Sustaining a Culture of Safety in the V.A. Health Care System

The U.S. Department of Veterans Affairs (VA) formed the National Center for Patient Safety in 1999 to foster an organizational culture of patient safety within its 153 hospitals and 783 community-based clinics.  To enhance staff engagement in safety, the Center tested and then implemented a teamwork approach based on the principles of systems engineering.

A just published article describes a case study of a multi-year effort to improve safety culture in VA hospitals.  The improvement process included the following key elements:

Medical Team Training:

The VA adopted a NASA Crew Resources Management (CRM) approach to training.  This approach emphasizes that human error should be anticipated and calls for behaviors and techniques that can prevent mistakes or ameliorate their effects. During the training participants were placed in groups and asked what they would need to make sure that a surgical operation goes well.  The output of these discussions became checklists.  The checklists themselves, while valuable, were not intended for “mindless” compliance, rather as artifacts of collaborative thinking to promote mindful practice.  As explained by Dr. Jim Bagian, the VA Chief Patient Safety Director, “The briefings and debriefings create a conversation where communication can be far richer and comprehensive than simplistic use of a checklist in a rote process.”

A Culture Dedicated to Reporting:

A commitment to creating an environment in which staff report on dangerous errors and unsafe conditions helps to promote a culture of safety in which the organization learns from mistakes.

Root Cause Analysis to Understand Vulnerabilities:

Causal analyses are conducted for learning and prevention.  The VA established severity categories to identify which events would be fully investigated.  For such events investigations are performed locally.  Based on events and concerns at other facilities, additional investigations may be conducted.  From those and other analyses, alerts and advisories may be issued to the entire VA system.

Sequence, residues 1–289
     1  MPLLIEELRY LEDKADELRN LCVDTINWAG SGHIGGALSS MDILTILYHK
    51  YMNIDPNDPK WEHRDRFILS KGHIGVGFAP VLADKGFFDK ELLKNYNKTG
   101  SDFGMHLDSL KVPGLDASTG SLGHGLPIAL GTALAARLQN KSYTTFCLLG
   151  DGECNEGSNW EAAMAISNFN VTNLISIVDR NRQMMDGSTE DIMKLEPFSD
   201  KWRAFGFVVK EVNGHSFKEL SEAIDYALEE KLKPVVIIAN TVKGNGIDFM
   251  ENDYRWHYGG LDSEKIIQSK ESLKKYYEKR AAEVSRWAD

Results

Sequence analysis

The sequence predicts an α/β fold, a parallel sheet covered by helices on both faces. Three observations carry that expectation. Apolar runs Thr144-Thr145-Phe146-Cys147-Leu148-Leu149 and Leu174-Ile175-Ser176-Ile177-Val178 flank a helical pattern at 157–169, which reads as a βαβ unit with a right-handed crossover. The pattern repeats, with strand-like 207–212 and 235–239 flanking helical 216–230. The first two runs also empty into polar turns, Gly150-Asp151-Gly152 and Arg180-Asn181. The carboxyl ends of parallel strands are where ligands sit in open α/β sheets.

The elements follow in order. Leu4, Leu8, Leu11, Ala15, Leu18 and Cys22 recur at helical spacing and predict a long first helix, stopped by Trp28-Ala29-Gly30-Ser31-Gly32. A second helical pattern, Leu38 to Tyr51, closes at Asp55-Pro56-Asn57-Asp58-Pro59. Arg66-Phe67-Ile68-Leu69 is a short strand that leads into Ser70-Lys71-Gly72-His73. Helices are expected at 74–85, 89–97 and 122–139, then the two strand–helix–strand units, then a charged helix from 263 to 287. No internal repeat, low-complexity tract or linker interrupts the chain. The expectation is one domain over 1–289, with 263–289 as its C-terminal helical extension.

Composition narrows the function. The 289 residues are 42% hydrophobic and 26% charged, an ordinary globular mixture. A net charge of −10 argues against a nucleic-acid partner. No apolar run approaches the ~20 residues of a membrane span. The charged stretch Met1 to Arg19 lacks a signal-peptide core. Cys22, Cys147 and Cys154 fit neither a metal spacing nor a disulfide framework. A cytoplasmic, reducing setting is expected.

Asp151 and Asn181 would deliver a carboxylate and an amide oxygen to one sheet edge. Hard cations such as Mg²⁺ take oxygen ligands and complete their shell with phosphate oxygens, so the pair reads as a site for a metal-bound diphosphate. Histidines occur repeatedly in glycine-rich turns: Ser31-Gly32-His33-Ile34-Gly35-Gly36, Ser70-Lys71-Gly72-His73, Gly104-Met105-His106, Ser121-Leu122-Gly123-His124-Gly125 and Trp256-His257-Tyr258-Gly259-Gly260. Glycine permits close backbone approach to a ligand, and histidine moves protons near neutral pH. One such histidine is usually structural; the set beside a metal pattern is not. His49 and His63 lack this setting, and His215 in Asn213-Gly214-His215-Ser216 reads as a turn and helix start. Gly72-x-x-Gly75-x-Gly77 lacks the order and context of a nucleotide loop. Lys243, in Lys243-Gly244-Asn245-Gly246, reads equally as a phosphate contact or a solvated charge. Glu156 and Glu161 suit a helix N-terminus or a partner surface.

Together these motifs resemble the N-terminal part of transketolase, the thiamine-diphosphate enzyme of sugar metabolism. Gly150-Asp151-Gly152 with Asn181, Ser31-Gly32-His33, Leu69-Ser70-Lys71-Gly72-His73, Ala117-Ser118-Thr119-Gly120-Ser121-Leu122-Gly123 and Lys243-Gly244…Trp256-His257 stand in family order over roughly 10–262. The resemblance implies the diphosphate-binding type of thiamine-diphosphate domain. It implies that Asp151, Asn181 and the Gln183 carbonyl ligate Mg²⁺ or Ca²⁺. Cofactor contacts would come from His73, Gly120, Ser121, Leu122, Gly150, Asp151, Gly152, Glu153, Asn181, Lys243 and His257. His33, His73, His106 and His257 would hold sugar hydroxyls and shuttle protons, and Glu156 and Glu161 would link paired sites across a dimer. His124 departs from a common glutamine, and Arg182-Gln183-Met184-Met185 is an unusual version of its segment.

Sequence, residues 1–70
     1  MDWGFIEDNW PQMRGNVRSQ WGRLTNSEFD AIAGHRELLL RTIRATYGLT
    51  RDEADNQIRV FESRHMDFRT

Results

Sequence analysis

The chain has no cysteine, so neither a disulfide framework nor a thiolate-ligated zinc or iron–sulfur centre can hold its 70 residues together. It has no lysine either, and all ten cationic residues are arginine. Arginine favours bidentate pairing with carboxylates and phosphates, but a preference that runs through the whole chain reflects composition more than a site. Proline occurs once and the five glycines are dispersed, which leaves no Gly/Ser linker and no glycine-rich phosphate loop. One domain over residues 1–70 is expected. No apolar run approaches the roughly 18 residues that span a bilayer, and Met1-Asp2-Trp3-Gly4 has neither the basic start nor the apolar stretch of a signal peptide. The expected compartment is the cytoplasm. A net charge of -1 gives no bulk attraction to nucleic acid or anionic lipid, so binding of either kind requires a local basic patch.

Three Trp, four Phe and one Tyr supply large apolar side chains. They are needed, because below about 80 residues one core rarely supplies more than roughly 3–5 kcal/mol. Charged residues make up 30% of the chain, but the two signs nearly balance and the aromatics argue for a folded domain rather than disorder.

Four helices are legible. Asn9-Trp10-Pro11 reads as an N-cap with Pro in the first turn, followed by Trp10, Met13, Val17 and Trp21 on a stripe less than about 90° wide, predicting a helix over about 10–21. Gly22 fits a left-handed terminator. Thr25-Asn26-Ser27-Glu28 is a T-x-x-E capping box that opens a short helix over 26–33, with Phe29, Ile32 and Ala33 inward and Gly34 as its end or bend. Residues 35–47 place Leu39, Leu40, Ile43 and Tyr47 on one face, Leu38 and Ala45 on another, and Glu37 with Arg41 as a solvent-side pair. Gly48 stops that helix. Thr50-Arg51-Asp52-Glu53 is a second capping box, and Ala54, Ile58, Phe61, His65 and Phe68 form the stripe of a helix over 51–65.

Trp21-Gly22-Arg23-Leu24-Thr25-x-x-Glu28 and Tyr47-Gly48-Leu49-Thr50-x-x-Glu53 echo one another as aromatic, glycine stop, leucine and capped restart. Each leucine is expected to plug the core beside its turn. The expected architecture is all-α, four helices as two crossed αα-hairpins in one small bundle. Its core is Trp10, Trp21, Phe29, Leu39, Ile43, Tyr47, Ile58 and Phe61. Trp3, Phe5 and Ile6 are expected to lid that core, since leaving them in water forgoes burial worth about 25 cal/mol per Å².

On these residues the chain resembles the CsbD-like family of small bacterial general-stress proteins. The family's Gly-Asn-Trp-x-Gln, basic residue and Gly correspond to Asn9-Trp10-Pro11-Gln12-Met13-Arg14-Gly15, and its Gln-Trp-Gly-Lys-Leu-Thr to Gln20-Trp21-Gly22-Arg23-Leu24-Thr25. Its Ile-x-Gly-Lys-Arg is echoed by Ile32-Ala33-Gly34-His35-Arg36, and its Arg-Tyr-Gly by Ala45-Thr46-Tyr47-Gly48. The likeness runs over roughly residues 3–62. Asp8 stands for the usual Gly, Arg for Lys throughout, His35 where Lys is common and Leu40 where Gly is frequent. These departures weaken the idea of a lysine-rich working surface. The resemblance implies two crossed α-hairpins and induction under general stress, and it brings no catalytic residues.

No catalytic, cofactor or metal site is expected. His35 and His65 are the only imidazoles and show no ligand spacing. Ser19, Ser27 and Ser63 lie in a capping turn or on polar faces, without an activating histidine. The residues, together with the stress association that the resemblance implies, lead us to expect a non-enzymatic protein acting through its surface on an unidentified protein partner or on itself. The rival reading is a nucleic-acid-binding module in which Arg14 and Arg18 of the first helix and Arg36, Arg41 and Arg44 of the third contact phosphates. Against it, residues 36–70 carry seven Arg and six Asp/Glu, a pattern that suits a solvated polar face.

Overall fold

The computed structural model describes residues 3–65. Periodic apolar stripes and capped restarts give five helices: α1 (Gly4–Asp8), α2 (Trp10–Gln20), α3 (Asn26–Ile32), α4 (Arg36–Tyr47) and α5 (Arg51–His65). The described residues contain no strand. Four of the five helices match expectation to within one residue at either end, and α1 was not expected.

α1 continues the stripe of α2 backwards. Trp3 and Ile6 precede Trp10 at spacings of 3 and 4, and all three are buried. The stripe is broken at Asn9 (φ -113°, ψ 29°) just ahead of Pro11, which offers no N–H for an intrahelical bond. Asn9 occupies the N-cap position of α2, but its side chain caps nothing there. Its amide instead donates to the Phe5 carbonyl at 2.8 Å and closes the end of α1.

The Patient’s Role in Patient Safety:

A plan of the day is established for each patient and a nurse discusses this plan daily with each patient.  Patients are encouraged to actively participate to make sure their daily treatment goes as planned and to speak up if they note any deviations from the plan or have any concerns.

Improvements:

By 2009, the VA had implemented the CRM approach in operating rooms and intensive care units in virtually all VA medical centers that provide surgical services, through on-site training in each facility.  In total, more than 12,000 staff members were trained.  The VA was able to evaluate the clinical effects of CRM adoption in the operating room because of existing standardized data collection.  Preliminary results include the following:

  • Teamwork and efficiency improved: 82 percent of the operating room staff surveyed using the Safety Attitude Questionnaire said teamwork improved and 79 percent said efficiency improved.
  • Quality of care improved: for example, receipt of treatments to prevent blood clots increased from 85 percent before CRM training to 95 percent of patients after CRM implementations and timely receipt of prophylactic antibiotics increased from 92 percent to 97 percent of patients.
  • Operative time per case decreased in 29 percent of 110 facilities surveyed.
  • On-time surgery starts for the first case of the day increased by 54 percent.
  • Nursing turnover decreased by 30 percent following team training in surgical intensive care units and operating rooms.
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